Translated by Janet Lembke and Kenneth J. Reckford
Directed by Douglas Campbell
Alumni Theatre, Carleton University
November 18-20 & 25-27, 1993
Reviewed by Sallie Goetsch,
Department of Classical Studies,
University of Michigan,
E-mail: sgoetsch AT umich.edu
There was a mainstage production of Hecuba at Brown in the fall of 1987. The directorial choices, the casting, the delivery, the interweaving of Greek and English during particularly emotional moments between Hecuba and Polyxena (the actress playing Hecuba was a Greek-American and not afraid of the original text), the ritual wails of the chorus--all were intensely powerful, producing shivers and tears in the spectators. When the chorus exited at the end, leaving Hecuba huddled on the sand, clutching and sifting it, the audience was so stunned that a long, reverent silence preceded the wild applause. A friend of mine walked out of it and said 'After Euripides, why did anyone else bother?'
But that was a production which had tremendous resources, human and material, at its disposal. The same cannot be said of the Carleton Hecuba. Yet like Polyxena, Douglas Campbell and his cast have acted nobly in the face of adversity.
The obstacles facing the production included untrained actors, short rehearsal period, inadequate rehearsal space, a last-minute replacement of the actor playing Polydorus, and the complete lack of a theater department at Carleton University. Worse, I saw their production not live but on video. The video was well-done, using more than one camera, and a good perspective, but no recording can ever do justice to live performance - which is just as well for those of us who work on stage rather than film.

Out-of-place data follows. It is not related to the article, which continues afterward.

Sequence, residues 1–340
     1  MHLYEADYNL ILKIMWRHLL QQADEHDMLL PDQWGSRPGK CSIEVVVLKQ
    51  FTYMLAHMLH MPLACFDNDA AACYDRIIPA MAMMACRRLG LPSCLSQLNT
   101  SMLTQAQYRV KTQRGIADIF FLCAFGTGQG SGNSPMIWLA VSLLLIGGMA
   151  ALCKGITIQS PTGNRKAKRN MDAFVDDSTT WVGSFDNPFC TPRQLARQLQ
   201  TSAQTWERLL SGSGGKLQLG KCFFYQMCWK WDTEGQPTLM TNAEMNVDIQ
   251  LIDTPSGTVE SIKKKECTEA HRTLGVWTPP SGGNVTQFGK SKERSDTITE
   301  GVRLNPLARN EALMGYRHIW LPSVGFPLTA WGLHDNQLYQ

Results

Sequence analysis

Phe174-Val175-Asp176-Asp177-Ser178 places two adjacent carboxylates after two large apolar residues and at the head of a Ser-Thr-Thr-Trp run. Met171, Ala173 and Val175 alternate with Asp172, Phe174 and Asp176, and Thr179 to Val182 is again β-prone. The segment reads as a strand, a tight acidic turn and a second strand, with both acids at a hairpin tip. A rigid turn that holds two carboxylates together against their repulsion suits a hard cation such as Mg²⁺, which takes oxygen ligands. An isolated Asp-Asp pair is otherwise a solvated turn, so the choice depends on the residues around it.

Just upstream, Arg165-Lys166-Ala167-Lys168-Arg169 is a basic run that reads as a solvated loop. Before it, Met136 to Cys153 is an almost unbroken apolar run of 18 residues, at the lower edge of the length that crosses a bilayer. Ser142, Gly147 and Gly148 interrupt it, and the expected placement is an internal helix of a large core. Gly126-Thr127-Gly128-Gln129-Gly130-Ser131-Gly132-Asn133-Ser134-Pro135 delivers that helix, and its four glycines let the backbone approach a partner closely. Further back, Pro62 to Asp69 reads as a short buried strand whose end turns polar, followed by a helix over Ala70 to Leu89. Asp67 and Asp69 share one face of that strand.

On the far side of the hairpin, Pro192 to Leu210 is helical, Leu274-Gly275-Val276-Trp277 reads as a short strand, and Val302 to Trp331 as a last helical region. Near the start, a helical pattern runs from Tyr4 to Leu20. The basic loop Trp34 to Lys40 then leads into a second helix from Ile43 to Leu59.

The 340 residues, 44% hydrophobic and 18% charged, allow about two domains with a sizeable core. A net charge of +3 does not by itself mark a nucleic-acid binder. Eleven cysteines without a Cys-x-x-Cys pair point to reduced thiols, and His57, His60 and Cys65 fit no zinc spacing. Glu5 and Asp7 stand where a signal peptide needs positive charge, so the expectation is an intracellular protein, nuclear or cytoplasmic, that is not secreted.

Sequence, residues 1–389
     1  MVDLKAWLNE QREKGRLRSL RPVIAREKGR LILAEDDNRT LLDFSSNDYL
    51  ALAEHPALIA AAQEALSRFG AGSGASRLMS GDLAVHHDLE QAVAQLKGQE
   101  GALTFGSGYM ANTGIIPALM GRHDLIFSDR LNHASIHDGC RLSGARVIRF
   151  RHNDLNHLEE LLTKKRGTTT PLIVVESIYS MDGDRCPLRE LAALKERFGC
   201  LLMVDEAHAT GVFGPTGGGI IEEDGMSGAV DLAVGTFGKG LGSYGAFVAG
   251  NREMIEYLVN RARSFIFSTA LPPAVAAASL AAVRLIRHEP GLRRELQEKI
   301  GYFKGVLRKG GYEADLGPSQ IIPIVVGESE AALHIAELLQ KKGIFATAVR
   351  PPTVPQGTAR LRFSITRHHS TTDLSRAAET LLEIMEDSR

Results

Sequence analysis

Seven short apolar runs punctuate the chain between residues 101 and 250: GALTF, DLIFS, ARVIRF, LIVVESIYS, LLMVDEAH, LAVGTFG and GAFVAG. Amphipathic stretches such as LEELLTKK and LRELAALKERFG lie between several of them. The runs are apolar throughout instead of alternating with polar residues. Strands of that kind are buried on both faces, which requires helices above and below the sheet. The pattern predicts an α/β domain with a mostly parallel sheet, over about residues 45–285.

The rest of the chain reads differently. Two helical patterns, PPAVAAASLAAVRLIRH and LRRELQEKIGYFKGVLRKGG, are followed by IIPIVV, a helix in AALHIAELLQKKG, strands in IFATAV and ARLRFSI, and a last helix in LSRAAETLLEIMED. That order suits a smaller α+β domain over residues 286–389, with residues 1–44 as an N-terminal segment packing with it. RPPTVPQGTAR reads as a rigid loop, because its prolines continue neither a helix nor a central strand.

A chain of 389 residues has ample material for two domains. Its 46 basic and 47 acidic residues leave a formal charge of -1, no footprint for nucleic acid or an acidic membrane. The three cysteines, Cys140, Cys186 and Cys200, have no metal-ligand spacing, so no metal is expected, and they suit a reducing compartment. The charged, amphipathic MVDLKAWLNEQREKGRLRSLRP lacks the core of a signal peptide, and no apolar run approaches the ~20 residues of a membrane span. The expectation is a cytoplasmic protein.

In spite of all that, the ensemble created an effective production, a credit to the considerable effort and enthusiasm which went into it. The prominent cheekbones of the three-quarter masks on the women evoked grief and interacted well with the lighting. The chorus of six women divided the lines among themselves and delivered them with intensity. There is much to be said for a chorus which dances at least and preferably sings as well, but this chorus was not reduced to tedium by its delivery. The choreuts kept up a good pace and spoke with feeling as they narrated the fall of Troy.
Hecuba herself, played by a first-time actress, was the best of the cast, though the aged quaver of her voice was overdone and her words and movements did not always match. It was jarring to see her stand several feet away from Polyxena and hear her speak of clinging as close to her daughter as oak on ivy, and disappointing that she made no distinction between lyric and trimeter and underwent no emotional change corresponding to the fact that Hecuba sings no more after naming Polymestor as Polydorus' murderer. That, however, is as likely the fault of the translators as of the actress or the director.
And when she wailed her recognition of Polydorus, I got chills, even in broad daylight in front of a TV screen.